A Gym Thing
Reviewed – 2nd May 2018
“it is through his use of dynamic and effective drama that he is able to achieve a weightier punch”
If you are a gym goer, you will have undoubtedly seen one of them. Perhaps you are one of them. Perhaps they have intimidated you. The group that I refer to are the gym bunnies. Those, who spend every available moment at their local fitness centre lunging, squatting, lifting, taking protein shakes, supplements, Instagramming their physical progress. I must clarify, that there is nothing wrong with doing all of the above. They can contribute to you keeping up a healthy lifestyle. However, as current production A Gym Thing highlights, it is when these factors are taken to the extreme, being practised or being used excessively, that there could be an underlying mental health issue. Body Dysmorphia and Bigorexia are conditions that rarely get given publicity, let alone being a subject for the stage. Written and performed by Tom Vallen, this fast paced, pulse racing, quest for perfection, is treated with clarity and precision, opening the audience’s eyes to a taboo topic.
Will (Tom Vallen) would spend his days slobbing about at home, playing video games and looking after his mum. When his best mate Jay (Gabriel Akuwudike) persuades him to be his gym buddy, little does Jay know, quite the turnaround it is going to make to Will’s life. From never exercising in his life, to having workout and meal plans – the transformation is great. Bumping into his old high school crush Becca (Jennifer Brooke), Will finds the confidence to talk to her and it doesn’t take long before they are a couple. However, sometime down the line, Will’s increasingly frequent gym going and incessant need to look good, starts to take its toll on all of his relationships, coming to a head in an almighty climax.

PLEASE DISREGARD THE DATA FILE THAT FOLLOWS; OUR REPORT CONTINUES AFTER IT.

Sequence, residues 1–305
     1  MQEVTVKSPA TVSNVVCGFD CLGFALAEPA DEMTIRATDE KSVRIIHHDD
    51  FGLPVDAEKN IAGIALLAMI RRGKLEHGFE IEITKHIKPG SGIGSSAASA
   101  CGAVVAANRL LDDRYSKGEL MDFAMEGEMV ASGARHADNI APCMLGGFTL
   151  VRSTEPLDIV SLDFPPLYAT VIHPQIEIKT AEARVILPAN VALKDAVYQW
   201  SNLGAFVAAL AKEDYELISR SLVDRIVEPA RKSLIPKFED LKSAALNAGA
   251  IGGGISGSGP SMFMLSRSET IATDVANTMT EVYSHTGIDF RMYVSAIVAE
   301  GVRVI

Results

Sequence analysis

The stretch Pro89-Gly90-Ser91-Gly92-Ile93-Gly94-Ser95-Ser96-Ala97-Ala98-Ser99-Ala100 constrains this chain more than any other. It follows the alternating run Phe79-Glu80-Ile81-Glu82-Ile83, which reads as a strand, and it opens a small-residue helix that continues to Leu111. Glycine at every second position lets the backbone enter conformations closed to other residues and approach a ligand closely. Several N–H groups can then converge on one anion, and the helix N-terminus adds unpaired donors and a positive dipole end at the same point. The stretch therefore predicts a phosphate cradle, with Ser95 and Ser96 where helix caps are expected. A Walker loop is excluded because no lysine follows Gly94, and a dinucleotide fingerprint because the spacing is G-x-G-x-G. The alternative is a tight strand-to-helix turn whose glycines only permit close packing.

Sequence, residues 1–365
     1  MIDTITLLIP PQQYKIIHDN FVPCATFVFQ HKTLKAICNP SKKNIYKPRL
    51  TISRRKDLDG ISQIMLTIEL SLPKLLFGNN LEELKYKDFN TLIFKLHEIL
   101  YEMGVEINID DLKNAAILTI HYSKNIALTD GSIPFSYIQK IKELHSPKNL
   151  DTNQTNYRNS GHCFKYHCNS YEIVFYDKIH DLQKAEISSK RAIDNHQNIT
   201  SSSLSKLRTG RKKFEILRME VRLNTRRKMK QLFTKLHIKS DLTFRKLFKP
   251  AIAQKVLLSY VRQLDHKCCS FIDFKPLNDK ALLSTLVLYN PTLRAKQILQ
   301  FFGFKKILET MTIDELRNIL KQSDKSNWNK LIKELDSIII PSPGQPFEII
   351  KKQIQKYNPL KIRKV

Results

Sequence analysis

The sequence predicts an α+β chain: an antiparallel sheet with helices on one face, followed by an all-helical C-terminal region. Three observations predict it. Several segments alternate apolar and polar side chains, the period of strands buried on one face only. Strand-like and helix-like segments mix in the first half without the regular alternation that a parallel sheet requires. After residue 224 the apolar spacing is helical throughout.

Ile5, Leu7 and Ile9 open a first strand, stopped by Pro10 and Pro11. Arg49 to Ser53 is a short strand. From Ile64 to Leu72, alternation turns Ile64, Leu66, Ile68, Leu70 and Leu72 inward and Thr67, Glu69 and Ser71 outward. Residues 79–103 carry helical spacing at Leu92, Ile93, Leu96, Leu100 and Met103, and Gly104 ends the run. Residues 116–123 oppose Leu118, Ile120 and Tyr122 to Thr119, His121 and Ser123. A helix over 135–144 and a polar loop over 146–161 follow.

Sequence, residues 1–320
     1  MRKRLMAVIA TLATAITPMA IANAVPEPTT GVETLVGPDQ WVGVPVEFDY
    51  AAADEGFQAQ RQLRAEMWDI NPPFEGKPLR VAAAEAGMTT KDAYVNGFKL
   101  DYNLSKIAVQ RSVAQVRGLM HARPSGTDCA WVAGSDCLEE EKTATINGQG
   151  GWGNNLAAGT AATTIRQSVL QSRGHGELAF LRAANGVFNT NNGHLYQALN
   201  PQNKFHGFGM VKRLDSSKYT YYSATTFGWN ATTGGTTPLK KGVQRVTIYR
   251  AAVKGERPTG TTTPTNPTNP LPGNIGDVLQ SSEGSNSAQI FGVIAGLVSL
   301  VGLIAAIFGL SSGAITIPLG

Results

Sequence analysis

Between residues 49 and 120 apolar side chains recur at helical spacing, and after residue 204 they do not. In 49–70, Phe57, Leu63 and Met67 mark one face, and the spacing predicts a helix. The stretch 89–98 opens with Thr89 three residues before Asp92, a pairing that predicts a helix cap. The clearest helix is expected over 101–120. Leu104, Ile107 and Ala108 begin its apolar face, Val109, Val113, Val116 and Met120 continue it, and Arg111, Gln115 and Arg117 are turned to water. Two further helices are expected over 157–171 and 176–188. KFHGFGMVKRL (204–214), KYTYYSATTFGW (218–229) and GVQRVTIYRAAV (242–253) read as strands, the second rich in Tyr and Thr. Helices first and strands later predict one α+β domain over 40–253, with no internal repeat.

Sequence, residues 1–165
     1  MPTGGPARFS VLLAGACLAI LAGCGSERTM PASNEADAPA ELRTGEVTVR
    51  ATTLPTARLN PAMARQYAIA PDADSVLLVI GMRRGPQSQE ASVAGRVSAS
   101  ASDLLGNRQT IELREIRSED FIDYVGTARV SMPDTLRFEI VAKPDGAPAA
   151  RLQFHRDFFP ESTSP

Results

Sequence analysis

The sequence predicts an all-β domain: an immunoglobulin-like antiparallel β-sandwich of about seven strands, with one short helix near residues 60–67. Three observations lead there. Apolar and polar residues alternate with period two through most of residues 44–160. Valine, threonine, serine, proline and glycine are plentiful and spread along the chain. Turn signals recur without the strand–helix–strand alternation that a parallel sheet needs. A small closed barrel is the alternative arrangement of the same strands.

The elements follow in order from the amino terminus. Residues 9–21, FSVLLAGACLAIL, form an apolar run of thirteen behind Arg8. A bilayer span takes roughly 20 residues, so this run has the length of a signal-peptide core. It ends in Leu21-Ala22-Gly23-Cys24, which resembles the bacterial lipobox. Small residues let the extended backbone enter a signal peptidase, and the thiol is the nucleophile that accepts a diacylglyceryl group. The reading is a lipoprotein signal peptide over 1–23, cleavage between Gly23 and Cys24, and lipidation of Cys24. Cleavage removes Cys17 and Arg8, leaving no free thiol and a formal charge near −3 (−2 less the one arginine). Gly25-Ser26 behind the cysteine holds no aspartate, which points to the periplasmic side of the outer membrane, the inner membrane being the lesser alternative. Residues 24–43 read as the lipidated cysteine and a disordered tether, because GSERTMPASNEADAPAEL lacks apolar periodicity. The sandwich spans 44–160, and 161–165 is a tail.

A Gym Thing sweatily takes place within the time of a sixty minute workout, emphasising the adrenaline rush state that a gym addict constantly craves. As the action happens from Will’s point of view, never once do we hear of his behaviour as being clear indicators of a mental health issue. It is obvious to the audience and to the other characters; yet, Vallen’s sophisticatedly never feels the need to hammer home his message. It is through his use of dynamic and effective drama that he is able to achieve a weightier punch.
Reviewed by Phoebe Cole
Photography by Boris Mitkov Photography
A Gym Thing
Pleasance Theatre until 13th May
Previously reviewed at this venue